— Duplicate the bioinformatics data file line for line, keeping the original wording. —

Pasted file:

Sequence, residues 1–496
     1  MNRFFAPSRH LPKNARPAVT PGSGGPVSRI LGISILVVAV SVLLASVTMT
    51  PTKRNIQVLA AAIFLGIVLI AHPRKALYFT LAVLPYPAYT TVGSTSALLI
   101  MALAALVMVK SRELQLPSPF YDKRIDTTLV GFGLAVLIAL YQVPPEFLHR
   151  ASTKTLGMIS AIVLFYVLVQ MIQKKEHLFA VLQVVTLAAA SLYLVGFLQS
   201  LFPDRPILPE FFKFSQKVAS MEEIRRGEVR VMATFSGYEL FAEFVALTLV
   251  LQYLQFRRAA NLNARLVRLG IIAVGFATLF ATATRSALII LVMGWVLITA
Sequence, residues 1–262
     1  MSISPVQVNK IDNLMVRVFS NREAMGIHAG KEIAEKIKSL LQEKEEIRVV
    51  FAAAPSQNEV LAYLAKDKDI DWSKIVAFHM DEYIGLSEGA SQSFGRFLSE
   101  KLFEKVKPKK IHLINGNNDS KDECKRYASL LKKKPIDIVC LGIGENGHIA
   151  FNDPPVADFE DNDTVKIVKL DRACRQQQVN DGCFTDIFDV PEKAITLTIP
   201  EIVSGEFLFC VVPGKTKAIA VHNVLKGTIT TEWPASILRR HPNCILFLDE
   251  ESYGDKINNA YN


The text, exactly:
Sequence, residues 1–496
     1  MNRFFAPSRH LPKNARPAVT PGSGGPVSRI LGISILVVAV SVLLASVTMT
    51  PTKRNIQVLA AAIFLGIVLI AHPRKALYFT LAVLPYPAYT TVGSTSALLI
   101  MALAALVMVK SRELQLPSPF YDKRIDTTLV GFGLAVLIAL YQVPPEFLHR
   151  ASTKTLGMIS AIVLFYVLVQ MIQKKEHLFA VLQVVTLAAA SLYLVGFLQS
   201  LFPDRPILPE FFKFSQKVAS MEEIRRGEVR VMATFSGYEL FAEFVALTLV
   251  LQYLQFRRAA NLNARLVRLG IIAVGFATLF ATATRSALII LVMGWVLITA
Sequence, residues 1–262
     1  MSISPVQVNK IDNLMVRVFS NREAMGIHAG KEIAEKIKSL LQEKEEIRVV
    51  FAAAPSQNEV LAYLAKDKDI DWSKIVAFHM DEYIGLSEGA SQSFGRFLSE
   101  KLFEKVKPKK IHLINGNNDS KDECKRYASL LKKKPIDIVC LGIGENGHIA
   151  FNDPPVADFE DNDTVKIVKL DRACRQQQVN DGCFTDIFDV PEKAITLTIP
   201  EIVSGEFLFC VVPGKTKAIA VHNVLKGTIT TEWPASILRR HPNCILFLDE
   251  ESYGDKINNA YN